‘The next synod is already in the works – on married priests,” wrote the veteran Vatican commentator Sandro Magister last week. The article provoked a collective groan in the Catholic blogosphere. “We need to start lining up writers for the 58 cardinals book,” wrote Fr John Zuhlsdorf, referring to the 11 cardinals’ book opposing a change in Church teaching on Communion for the remarried at the family synod.

Yet Magister’s column was an interpretation, not a news flash. And it stretches belief. Could Francis, after all the tensions over Communion for the remarried, really want to open the door to more in-fighting?

Magister’s claim rested on a speech by the late Cardinal Carlo Maria Martini, who outlined his “dream” of what a synodal Church might look like. At the top of the list of issues to tackle was the “shortage of ordained ministers” – in other words, the possibility of married priests.

Francis, known by Magister as the “Martini Pope”, seems to be following the cardinal’s roadmap so far. Other subjects on the list were “the discipline of marriage” and the “Catholic vision of sexuality” – both raised at the last synod. And there are plenty of other indications that Francis would favour a discussion of married priests. In February he apparently told a group of priests from Rome: “The issue is in my diary.” And Oscar Crespo, a childhood friend, claimed that Francis said one of his priorities was to “eliminate the law of celibacy”.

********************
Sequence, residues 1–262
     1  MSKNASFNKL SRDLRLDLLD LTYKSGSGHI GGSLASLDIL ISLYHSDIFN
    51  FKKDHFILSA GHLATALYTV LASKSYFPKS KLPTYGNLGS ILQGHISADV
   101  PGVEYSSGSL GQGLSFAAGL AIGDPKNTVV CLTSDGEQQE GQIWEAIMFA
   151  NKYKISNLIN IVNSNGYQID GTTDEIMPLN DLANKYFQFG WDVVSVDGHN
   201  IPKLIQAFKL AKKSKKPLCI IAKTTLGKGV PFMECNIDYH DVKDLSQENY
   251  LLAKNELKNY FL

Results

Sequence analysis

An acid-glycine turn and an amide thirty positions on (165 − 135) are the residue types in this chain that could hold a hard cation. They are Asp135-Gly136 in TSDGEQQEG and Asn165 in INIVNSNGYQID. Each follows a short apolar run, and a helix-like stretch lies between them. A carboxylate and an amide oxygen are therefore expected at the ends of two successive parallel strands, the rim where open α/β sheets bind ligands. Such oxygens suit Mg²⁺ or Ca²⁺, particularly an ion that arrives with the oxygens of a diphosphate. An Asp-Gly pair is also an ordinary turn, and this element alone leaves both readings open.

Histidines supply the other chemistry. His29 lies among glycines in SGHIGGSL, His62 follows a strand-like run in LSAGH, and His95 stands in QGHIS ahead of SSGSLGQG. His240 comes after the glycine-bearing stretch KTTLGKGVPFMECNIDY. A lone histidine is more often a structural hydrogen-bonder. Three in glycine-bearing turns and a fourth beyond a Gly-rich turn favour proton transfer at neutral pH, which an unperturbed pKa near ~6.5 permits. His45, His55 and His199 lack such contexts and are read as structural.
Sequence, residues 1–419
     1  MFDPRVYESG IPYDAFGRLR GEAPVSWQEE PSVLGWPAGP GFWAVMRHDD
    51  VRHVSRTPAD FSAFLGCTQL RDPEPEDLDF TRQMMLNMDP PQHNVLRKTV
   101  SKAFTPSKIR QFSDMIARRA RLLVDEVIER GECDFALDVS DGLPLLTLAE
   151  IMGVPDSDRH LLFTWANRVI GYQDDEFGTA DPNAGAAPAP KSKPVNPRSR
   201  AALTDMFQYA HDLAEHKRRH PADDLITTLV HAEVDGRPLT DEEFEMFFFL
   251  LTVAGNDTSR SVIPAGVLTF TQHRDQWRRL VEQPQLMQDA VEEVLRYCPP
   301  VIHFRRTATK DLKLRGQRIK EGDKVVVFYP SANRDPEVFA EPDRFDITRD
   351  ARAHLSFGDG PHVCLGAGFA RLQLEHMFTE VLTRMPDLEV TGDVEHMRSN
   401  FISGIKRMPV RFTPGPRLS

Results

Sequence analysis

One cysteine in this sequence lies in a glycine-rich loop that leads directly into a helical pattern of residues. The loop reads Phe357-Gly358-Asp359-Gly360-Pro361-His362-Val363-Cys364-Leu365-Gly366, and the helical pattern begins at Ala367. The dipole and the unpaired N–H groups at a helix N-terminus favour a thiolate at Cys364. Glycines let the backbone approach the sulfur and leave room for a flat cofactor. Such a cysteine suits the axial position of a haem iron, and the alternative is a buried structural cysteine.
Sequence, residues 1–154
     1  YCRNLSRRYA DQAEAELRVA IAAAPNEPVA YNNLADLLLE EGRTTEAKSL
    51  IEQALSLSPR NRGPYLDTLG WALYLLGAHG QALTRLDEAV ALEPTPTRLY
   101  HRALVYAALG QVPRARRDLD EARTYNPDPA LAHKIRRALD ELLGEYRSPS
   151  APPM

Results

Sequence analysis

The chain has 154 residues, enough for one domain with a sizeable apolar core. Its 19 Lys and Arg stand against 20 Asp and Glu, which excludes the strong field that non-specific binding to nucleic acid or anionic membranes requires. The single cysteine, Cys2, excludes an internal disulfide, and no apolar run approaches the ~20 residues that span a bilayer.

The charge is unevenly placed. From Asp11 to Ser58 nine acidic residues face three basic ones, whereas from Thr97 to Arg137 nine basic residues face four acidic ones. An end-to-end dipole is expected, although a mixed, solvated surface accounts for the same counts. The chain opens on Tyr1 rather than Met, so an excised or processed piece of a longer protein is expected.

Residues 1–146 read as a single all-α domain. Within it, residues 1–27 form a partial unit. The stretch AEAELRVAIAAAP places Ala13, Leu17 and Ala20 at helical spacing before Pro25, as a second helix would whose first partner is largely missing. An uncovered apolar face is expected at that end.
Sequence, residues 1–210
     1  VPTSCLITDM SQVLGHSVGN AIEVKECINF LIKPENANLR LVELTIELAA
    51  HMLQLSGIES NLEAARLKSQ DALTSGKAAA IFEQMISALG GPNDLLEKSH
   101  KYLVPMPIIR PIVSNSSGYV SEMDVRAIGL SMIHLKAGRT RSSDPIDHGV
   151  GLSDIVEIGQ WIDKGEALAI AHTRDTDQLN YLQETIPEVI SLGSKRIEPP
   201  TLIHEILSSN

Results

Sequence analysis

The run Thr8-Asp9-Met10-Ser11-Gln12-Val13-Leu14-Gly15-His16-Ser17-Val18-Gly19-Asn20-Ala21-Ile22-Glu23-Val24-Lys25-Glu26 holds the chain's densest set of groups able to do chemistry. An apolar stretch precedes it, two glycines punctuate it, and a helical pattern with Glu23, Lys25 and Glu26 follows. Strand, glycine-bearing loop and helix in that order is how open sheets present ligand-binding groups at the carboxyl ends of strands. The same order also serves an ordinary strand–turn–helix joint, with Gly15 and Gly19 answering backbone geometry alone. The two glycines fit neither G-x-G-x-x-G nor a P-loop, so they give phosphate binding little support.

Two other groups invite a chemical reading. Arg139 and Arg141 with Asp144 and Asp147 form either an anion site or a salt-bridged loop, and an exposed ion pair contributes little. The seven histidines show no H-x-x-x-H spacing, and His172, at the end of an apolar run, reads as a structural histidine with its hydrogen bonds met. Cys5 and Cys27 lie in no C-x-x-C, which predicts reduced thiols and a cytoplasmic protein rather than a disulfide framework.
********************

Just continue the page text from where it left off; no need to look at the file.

Yet none of this has been said publicly. The Pope’s most candid public comments on the subject were hardly a plea for change. In On Heaven and Earth, a record of conversations with his friend Rabbi Abraham Skorka, he said: “For the moment, I am in favour of maintaining celibacy, with all its pros and cons.”

A better assessment of the Pope’s thinking might be to say he is open to a discussion of the topic if bishops’ conferences press for it. Austen Ivereigh, author of The Great Reformer: Francis and the Making of a Radical Pope, pointed out that in the reformed synod: “Francis has created a mechanism of ecclesial discernment capable of deliberating on precisely such issues – that is to say, matters of pastoral practice rather than doctrine per se.

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